The judge delayed the Trump administration's ban hours before it was due to take effect, citing concerns over free speech. Owned by Chinese tech giant TenCent, WeChat in the US has around 19 million active daily users.
A US federal judge on Sunday delayed the government's ban on WeChat downloads, hours before it was due to take effect.
In a ruling dated Saturday, the California court granted the "motion for a nationwide injunction against the implementation" of the government order.
Magistrate Judge Laurel Beeler cited concerns over free speech when granting the motion.
The Trump administration announced the ban on downloads of video-sharing app TikTok as well as messaging platform WeChat, both owned by Chinese companies, on Friday.
The ban was due to begin at 11:59 p.m. on Sunday night.
It was ordered amid an ongoing technology and espionage battle between Washington and Beijing.
WeChat, owned by Chinese tech giant Tencent, is a messaging-focused app popular in China and with many Chinese-speaking Americans. In the US, it has around 19 million active daily users.
Read more: China launches sanctions scheme targeting foreign firms
Free speech 'at risk'
A group of WeChat users had requested the delay shortly after the ban was ordered. They argued the moves targeting the all-in-one app with instant messaging, social media and other communication tools would restrict free speech.
The government's actions would affect users' First Amendment rights as an effective ban "eliminates all meaningful access to communication in the plaintiffs' community,'' said Beeler, adding that an injunction would be in the public interest.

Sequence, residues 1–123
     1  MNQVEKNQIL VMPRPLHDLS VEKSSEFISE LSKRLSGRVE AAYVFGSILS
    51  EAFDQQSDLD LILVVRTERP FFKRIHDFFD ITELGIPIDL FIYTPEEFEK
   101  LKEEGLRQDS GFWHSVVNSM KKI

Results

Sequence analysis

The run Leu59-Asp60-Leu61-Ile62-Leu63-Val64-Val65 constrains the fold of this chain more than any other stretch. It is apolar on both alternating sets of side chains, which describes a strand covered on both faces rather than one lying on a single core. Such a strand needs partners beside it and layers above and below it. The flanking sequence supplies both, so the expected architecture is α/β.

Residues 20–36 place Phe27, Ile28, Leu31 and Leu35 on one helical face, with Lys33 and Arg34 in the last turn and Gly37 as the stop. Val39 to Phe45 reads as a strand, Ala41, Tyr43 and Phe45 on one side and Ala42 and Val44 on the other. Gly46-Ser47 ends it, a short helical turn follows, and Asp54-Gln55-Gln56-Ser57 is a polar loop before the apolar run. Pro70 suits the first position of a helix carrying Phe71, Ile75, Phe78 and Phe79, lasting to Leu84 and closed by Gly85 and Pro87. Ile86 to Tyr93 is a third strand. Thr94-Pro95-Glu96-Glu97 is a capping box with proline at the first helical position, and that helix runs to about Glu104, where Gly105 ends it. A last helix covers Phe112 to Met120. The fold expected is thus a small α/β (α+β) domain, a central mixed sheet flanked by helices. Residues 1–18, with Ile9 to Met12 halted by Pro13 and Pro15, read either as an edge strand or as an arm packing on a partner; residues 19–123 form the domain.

The US government had earlier argued that the ban does not restrict free speech because WeChat users still "are free to speak on alternative platforms that do not pose a national security threat."
Specific evidence about WeChat posing a national security threat was also "modest," according to Judge Beeler.
Commerce Secretary Wilbur Ross had said China used WeChat and TikTok "to threaten the national security, foreign policy, and the economy of the US," when announcing the ban on Friday.
Read more: US boosts sanctions for China tech giant Huawei
What about Tiktok?
US President Donald Trump said Saturday that he had approved a deal allowing Silicon Valley giant Oracle to become the data partner for TikTok, averting a shutdown of that app.
The deal, announced by the companies, includes Walmart as a commercial partner and would create a new US company named TikTok Global.
TikTok — owned by China's ByteDance — confirmed the agreement ahead on the Sunday night deadline.
The US Department of Commerce on Saturday announced it was postponing the ban on TikTok downloads until September 27, due to "recent positive developments."
kmm/mm (AP, AFP)
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